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Published April 2013 | public
Journal Article

Learning from repetitive acquisitions: Evidence from the time between deals


Knowledge gleaned from previous acquisitions may confer valuation expertise and other benefits. But numerous acquisitions also entail costs, due to problems of incorporating diverse units into an ever larger firm. Such benefits and costs are not directly observable from outside the firm. This article proposes a simple model to infer their relative importance, using the time between successive deals. The data requirements are minimal and allow the use of all mergers and acquisitions during 1992–2009 (more than 300,000 deals). The results provide evidence of learning gains through repetitive acquisitions, especially under CEO continuity and when successive deals are more similar.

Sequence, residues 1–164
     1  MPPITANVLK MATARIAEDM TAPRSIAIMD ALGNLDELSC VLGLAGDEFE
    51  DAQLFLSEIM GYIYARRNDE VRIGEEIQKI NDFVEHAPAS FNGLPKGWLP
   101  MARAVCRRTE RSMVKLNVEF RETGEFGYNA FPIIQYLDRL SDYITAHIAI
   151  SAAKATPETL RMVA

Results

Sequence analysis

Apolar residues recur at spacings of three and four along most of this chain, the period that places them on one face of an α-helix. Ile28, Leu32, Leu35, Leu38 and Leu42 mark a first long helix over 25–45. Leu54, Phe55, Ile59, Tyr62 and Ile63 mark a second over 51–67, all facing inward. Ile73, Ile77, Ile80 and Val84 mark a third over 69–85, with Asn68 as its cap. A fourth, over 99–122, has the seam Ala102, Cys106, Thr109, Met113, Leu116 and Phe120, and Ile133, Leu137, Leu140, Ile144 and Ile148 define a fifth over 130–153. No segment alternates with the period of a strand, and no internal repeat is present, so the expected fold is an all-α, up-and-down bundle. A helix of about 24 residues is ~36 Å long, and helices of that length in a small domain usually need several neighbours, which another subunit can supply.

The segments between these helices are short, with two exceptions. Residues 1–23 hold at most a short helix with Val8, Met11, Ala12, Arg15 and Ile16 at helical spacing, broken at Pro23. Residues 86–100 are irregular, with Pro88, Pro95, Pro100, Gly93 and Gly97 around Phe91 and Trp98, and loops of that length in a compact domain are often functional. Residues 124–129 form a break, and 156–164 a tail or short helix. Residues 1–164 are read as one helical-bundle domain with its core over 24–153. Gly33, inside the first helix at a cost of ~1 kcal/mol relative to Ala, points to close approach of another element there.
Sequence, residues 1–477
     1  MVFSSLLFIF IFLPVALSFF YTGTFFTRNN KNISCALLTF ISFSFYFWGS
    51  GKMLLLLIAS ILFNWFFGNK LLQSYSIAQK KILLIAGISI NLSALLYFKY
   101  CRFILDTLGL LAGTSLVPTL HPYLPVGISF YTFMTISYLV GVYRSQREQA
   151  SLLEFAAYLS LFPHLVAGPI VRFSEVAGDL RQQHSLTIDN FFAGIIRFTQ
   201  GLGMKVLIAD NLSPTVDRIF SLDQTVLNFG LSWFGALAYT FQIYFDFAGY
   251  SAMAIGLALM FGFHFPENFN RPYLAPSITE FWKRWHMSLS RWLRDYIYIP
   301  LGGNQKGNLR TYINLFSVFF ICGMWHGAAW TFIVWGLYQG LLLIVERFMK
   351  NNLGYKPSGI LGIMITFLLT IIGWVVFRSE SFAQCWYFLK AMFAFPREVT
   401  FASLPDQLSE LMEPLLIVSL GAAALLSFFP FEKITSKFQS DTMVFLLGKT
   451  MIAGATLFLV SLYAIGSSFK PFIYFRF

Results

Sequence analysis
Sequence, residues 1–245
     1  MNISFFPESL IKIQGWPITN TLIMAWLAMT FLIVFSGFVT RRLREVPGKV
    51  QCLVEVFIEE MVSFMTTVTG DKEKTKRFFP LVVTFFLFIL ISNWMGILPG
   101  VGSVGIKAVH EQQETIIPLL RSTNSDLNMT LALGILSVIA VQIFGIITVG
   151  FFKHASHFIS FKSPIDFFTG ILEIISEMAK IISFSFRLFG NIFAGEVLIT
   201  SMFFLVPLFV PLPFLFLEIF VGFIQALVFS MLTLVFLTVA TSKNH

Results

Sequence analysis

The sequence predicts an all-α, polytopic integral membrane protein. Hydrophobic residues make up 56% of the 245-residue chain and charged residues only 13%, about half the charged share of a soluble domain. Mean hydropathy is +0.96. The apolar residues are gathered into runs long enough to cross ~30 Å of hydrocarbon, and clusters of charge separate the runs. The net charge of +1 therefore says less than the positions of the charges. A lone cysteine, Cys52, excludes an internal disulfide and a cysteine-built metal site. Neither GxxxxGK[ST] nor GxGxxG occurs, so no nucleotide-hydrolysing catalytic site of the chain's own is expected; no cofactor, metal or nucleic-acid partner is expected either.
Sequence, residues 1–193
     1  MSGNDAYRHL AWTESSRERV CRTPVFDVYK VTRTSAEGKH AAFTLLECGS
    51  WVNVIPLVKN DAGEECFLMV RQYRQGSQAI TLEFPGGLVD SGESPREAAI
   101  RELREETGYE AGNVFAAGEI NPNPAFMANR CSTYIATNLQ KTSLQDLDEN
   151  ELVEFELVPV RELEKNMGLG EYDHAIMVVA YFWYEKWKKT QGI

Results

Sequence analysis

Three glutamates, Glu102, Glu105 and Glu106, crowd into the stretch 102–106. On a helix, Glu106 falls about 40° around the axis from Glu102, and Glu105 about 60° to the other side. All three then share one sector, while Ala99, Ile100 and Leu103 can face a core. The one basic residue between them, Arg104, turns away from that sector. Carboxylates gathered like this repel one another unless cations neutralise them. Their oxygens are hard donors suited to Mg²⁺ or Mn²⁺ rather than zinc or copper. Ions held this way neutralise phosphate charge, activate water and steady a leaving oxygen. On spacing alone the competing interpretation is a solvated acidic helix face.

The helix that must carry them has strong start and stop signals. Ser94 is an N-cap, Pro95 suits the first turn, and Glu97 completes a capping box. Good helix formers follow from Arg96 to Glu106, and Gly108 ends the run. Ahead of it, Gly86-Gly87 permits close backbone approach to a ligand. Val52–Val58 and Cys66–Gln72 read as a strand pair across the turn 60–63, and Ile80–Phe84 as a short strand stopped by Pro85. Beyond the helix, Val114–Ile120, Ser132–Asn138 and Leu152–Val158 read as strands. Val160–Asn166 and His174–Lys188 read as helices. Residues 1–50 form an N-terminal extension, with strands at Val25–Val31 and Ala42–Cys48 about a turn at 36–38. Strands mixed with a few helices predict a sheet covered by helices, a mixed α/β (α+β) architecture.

Additional Information

© 2013 Elsevier B.V. Received 10 November 2011, Revised 12 June 2012, Accepted 13 July 2012, Available online 31 October 2012. We thank Luc Bauwens, Wolfgang Bessler, Riccardo Calcagno, B. Espen Eckbo, Piotr Korczak, Michel Levasseur, Neslihan Ozkan, Nikola Petrovic, Armin Schwienbacher, Ryad Titah, Karin Thorburn, Burcin Yurtoglu, and an anonymous referee, as well as participants of the Bristol University accounting and finance seminar, the CORE Econometrics seminar, the European Center for Corporate Control Studies finance seminar, the Financial Management Association European meeting 2012 (Istanbul), the Louvain School of Management finance seminar, and the WHU Otto Beisheim School of Management finance seminar, for their many comments and suggestions. The first two authors acknowledge financial support from University of Lille 2 (Finance, Banking, and Accounting Department) and SKEMA Business School.

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